Whilst we are talking about percentages, I would note that over 50 per cent of the Australian population still identify as Christian, and there are a host of other religions as well. When you start adding them all up, dare I say it, you get close to that magic figure that Senator Hinch always likes to announce—namely, 62 per cent—in relation to the postal survey. But, all of a sudden that 62 per cent in the postal survey—you know that survey that was non-binding, irrelevant, of no value at all—is cast iron; it has to be absolutely followed to the letter of the law. But, of course, we're not doing that in this bill, because the only question that was asked was about same-sex marriage as opposed to all the other things.

That aside, when there is a 62 per cent majority of Australians that are of a religious belief, people like Senator Hinch don't want to hear that 62 per cent figure, nor do they want to hear the figure in the same polls that were taken, which predicted the outcome of the survey, of an even greater majority in favour of protecting people's freedoms. Those percentages, those figures, are conveniently discarded, ignored, as though they don't exist. The simple fact is you can be a 'yes' voter—and I know many who did vote yes—but still believe in religious freedom, in freedom of speech, in conscientious objection, in parental rights and especially protections for charities which this Senate so arrogantly threw out last night. In so doing, a lot of 'yes' voters will feel aggrieved.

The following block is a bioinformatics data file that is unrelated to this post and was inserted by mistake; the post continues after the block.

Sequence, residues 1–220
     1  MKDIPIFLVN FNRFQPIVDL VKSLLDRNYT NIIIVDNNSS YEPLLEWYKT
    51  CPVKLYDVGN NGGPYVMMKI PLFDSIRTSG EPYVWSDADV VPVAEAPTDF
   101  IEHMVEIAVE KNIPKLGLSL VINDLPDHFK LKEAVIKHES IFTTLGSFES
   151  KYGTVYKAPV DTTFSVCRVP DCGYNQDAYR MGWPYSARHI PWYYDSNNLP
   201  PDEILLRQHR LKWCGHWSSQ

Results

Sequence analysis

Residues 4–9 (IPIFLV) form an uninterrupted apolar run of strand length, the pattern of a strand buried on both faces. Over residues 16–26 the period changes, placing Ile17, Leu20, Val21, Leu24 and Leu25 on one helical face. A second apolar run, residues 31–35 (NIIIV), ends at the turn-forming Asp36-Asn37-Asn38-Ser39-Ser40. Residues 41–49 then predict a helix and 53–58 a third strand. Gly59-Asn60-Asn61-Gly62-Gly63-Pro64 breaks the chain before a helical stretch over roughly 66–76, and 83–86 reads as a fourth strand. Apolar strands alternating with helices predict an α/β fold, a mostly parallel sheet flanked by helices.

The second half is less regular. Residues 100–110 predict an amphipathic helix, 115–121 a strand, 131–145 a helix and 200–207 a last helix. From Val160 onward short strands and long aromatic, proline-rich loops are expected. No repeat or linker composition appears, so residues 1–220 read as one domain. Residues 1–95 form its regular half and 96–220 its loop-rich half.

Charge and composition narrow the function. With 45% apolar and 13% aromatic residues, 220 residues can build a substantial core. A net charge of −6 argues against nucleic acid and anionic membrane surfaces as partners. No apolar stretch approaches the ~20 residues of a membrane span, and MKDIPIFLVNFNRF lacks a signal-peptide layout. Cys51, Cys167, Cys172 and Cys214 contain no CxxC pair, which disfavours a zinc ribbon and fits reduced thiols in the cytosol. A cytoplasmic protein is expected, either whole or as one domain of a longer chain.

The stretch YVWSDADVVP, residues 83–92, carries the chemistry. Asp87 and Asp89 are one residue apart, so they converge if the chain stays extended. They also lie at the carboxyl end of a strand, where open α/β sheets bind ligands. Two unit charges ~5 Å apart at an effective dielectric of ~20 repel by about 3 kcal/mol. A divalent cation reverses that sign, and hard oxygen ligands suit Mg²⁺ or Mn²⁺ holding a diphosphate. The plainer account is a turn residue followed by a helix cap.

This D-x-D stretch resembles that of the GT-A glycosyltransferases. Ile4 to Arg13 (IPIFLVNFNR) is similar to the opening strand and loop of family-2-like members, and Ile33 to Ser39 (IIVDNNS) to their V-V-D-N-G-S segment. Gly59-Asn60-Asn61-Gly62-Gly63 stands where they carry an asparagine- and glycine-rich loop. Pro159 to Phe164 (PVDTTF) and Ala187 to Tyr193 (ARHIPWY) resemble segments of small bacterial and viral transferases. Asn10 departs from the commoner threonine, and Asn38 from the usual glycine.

Coming back to the amendment, the amendment makes sense. There should only be one category—and that is the authorised celebrant—and the need to try to categorise two different lots is completely unnecessary. In a society that celebrates—dare I use the words—diversity and tolerance, we should say to people, be they celebrants of a religious disposition or celebrants not of a religious disposition, 'You are free and able to celebrate those marriages that you seek to solemnise and, should you wish not to, there is no pressure on you.' Some, for example, religious celebrants are of the view that you should not be celebrating the remarriage of a divorced individual. That is something that is understood. I'm not sure that I necessarily agree with it, but that is their right. In a free and tolerant society, they should be able to say, 'Unless you are part of our congregation, unless you subscribe to our beliefs, unless these characteristics apply, because of our faith or because of my beliefs as a civil celebrant, I'm sorry, I cannot assist you on this occasion.' This is, in fact, about tolerance. This is, in fact, an amendment about giving individuals their fundamental freedoms and rights, and the group of senators that I have the honour of speaking on behalf of support these amendments.